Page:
Dhaka was the most polluted city we have visited so far. The visibility had improved from 200 meters to 1200 meters in pollution haze when we took off. So it was total IMC (Instrument Meteorological Conditions) from 20 seconds after take-off, but it was another blue skies and tailwind flight once on top. Although the tops of the mountains we had to cross were only about 10'000 feet, the Myanmar authorities had required us to cruise at minimum FL 150, certainly due to danger of being shot down by the drug lords operating in the golden triangle. With tropical temperatures, this meant a density altitude of FL175, so it was a slow climb with the 200 liters we had added in Dhaka. After 2 and a half hours we landed in Mandalay airport, which contrasted sharply with Dhaka. It was a brand new airport, only opened last year, with attractive pagoda motifs.  There were no other planes (even commercial ones) around - but more than 20 people to receive us at the apron, including the General Manager Mr. Tuu Huang and his Assistant General Manager Mr. Myo Thant.  We were treated like VIPs.   I enquired tentatively what the handling fee would be and was relieved to be told "about US$ 15". Some impeccably dressed little Burmese men with white caps more appropriate for French chefs than fuel truck drivers politely asked us whether we needed any refuelling services. We politely declined as we of course knew that only Jet A-1 was available.





We spent three nights in Mandalay.  Long enough to rent a boat and driver to take us upriver to  the "deserted city" of Mingun with its old Buddhist temples and the second largest bell in the world. We were taken around in an ox cart.  That was a very relaxing and picturesque experience and just how one would imagine a river in the Orient - little fishing boats and men in coolie hats.  In Mandalay we walked up Mandalay Hill and visited lots of Buddhist temples. One of these, Mahamuni Paya, contains a huge golden Buddha, where faithful Buddhist arrive with very thin foils of pure gold, which they apply to the Buddha. Only men are allowed near this very holy Buddha. We also visited the workshop where they make the thin foils of gold by hammering stacks of them for many hours.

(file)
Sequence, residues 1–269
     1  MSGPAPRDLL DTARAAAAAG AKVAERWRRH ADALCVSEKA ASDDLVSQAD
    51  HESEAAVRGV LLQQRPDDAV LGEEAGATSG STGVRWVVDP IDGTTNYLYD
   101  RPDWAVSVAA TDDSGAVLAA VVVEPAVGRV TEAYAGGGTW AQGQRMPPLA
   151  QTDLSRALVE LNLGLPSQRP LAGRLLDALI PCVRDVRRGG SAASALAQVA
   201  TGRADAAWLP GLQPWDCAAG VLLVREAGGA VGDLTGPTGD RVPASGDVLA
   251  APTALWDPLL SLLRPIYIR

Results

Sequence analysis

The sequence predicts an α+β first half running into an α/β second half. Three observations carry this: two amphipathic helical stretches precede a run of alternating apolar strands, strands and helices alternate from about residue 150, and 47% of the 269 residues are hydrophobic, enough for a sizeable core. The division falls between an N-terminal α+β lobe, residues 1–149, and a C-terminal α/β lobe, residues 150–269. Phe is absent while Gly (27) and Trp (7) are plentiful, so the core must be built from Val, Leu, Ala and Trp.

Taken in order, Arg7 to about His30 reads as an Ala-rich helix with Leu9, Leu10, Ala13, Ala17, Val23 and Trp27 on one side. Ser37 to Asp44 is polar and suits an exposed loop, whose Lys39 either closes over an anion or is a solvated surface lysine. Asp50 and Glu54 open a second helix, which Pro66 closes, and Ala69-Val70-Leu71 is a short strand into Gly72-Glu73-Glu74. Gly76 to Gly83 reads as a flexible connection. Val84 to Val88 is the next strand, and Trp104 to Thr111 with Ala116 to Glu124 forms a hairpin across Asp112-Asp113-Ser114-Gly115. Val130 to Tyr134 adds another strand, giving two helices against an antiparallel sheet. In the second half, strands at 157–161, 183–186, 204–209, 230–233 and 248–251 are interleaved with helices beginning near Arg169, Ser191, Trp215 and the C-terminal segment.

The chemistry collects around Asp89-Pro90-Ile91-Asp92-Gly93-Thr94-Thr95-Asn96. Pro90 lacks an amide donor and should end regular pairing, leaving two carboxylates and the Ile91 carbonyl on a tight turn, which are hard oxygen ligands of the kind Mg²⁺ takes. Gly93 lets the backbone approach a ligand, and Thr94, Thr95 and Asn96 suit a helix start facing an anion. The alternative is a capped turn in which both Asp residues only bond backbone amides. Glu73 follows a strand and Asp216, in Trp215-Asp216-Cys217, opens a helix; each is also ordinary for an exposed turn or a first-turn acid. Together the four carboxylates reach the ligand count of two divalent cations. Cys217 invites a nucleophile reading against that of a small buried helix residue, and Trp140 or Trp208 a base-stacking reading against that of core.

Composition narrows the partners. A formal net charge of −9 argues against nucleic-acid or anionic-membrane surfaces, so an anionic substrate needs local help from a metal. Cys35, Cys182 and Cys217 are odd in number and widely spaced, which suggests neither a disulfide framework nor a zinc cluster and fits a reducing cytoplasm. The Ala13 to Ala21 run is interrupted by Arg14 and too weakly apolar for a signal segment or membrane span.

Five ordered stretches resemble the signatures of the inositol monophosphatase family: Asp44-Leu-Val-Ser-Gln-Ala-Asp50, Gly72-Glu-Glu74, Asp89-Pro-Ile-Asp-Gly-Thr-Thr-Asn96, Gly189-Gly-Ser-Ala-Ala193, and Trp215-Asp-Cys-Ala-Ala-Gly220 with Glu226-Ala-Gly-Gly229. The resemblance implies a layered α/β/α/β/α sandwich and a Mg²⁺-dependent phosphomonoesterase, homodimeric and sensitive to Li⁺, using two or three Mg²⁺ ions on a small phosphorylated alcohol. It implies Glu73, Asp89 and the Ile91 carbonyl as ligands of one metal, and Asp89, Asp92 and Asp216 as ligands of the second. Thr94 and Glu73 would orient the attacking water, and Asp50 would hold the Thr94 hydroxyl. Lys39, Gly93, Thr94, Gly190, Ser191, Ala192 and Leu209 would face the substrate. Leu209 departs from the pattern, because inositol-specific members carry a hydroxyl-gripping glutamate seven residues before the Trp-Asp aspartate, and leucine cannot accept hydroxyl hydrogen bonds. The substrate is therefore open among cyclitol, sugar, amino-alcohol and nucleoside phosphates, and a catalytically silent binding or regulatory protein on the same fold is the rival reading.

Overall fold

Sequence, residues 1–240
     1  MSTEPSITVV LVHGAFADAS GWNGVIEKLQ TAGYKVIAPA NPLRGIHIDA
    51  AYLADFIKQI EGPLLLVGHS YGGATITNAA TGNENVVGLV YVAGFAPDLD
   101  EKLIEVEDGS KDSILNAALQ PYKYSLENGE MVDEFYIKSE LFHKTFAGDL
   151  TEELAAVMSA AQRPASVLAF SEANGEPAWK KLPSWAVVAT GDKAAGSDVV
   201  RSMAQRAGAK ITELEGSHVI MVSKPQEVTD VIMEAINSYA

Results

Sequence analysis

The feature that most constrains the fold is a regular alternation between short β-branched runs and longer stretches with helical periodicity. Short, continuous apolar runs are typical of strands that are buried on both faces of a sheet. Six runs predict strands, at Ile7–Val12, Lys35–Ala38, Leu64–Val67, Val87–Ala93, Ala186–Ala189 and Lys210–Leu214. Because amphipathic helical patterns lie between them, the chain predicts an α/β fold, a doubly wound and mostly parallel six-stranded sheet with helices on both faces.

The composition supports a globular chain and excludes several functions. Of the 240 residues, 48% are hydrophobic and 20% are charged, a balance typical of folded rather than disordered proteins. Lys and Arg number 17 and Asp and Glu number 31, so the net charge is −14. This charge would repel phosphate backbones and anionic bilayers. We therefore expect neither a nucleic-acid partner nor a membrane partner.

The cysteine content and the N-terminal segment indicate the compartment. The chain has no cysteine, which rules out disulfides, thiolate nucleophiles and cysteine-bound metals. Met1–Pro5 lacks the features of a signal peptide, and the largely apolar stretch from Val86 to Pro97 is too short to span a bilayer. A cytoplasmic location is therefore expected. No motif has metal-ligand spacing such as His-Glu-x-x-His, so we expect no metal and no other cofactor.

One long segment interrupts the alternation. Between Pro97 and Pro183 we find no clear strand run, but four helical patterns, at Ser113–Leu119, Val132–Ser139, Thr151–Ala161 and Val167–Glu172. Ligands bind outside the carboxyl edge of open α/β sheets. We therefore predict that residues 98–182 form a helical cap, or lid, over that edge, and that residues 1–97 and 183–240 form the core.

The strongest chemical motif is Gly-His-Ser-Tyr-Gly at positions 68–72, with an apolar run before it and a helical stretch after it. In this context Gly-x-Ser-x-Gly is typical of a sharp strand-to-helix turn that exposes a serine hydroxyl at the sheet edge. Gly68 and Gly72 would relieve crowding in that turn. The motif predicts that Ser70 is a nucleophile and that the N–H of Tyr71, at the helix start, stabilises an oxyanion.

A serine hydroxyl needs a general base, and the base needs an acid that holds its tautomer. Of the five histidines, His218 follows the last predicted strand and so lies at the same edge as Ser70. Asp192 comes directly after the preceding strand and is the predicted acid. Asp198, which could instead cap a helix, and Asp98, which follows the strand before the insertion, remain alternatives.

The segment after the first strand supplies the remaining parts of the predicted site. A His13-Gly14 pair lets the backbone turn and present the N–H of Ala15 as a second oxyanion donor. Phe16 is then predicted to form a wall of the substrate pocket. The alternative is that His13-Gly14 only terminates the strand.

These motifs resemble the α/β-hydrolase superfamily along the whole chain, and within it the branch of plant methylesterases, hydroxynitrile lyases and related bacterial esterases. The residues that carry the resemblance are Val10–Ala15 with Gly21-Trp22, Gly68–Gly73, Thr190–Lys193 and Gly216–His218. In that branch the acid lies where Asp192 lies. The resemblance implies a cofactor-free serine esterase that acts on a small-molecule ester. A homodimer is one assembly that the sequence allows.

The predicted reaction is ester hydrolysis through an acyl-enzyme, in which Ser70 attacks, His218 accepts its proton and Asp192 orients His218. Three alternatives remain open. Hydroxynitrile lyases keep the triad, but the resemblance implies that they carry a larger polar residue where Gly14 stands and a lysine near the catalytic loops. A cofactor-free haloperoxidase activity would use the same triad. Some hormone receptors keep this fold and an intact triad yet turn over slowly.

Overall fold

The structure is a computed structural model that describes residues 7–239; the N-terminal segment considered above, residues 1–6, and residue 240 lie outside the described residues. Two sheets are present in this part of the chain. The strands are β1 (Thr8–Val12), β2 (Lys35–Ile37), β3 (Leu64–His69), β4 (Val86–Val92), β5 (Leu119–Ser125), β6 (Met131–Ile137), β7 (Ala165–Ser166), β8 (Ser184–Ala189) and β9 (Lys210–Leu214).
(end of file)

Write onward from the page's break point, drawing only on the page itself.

On the last evening we went to the puppet theatre, a traditional Burmese art, accompanied by live music of drums and gongs in different sizes to make different notes.  The last morning there, Flemming and I took rides in trishaws to go around Mandalay and see the colourful market and see some jade cutting and polishing. One of the trishaw drivers was a student earning money for his studies in his spare time. I had a discrete talk with him about Myanmar politics. They were of course proud the fact that Mrs. Aung San Suu Kyi, head of the National League for Democracy, had got the Nobel peace price, but very much regretted that the Myanmar authorities are keeping her under house arrest. The movement has cost the lives of tens of thousands of students.

We requested permission to fly to Bagan but this was not granted, so we went commercially with Air Mandalay in an ATR turboprop. The excuse given was that the notice was too short (normally 14 days prior notice is required), but whether this was the real reason or just a polite excuse we are never going to find out.


A. R. Shaik, Bangladesh Flying Academy

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Refuelling at the Bangladesh Flying Academy. From left Mr. R.M. Muninuzzamon, Mr. A.R. Shaikh, and Flemming

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Mandalay International Airport

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Mingun Scenery, washing by the river

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Namaste! Ray on top of Mingun Pagoda

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Mingun Temple

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This Oxen cart was our local Mingun transport

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Burmese girl at Mingun

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Buddhist monk at Mingun

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Chinese lunch at rooftop restaurant in Mandalay

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Mandalay market scene

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Golden Buddha at Mahamuni Paya

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Burmese jade cutter in Mandalay